The G20 group of nations has endorsed plans to make the automatic exchange of tax information the global standard, and agreed to steps for cracking down on base erosion and profit shifting (BEPS).
Speaking after G20 leaders wrapped up their first day of discussions in St. Petersburg yesterday, the Russian President Vladimir Putin said that they planned to adopt a joint Action Plan for the prevention of BEPS. The Plan, developed in conjunction with the Organization for Economic Cooperation and Development (OECD), "stipulates a whole range of steps aimed at increasing transparency and improving international tax agreements," Putin said.
A declaration inked by participants in yesterday's meeting explains that the G20 has been in talks with the OECD to create a single global standard for the automatic exchange of information. The OECD has been mandated by G20 Finance Ministers to draw up a progress report on this work, which will be handed over in October. The aim is for the OECD to unveil the new standard, together with a Model Competent Authority Agreement, in February, 2014. In the meantime, the Global Forum on Transparency and Exchange of Information for Tax Purposes will establish a mechanism for monitoring and reviewing the implementation of the new standard.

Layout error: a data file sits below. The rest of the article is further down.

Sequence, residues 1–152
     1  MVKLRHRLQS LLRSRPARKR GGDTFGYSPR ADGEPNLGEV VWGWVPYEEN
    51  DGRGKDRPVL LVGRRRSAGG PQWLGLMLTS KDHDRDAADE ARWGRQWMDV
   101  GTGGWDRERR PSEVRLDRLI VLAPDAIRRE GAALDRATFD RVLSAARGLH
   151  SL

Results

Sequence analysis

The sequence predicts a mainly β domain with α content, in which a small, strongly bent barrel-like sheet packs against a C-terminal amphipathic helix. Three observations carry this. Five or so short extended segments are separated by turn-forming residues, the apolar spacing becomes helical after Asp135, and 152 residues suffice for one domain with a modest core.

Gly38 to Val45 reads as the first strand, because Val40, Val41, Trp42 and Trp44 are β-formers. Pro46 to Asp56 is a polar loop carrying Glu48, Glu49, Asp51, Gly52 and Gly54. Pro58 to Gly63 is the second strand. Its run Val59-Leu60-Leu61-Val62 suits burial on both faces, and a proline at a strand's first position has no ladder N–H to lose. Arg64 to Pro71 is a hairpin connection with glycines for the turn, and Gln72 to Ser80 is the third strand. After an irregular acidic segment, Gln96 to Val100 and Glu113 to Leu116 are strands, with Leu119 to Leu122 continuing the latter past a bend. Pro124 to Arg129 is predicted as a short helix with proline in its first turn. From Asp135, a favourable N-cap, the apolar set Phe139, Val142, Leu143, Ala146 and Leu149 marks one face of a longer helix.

The leaders' declaration calls on all other jurisdictions to join in this initiative at the earliest possible opportunity. They expect to begin the automatic exchange of information for tax purposes to be underway by the end of 2015.
BEPS is a key area of concern for the G20. The declaration claims that this practice, if left unchecked, can "undermine the fairness and integrity of our tax systems [and] fundamentally distort competition, because businesses that engage in cross-border BEPS strategies gain a competitive advantage compared with enterprises that operate mostly at the domestic level."
The need to address BEPS was stressed at the G20's Los Cabos Summit in 2012, and the OECD was asked to report on what action can be taken in this area. All non-OECD G20 countries have now signed up to a BEPS project, through which they will develop proposals and recommendations for tackling the issues identified by the OECD.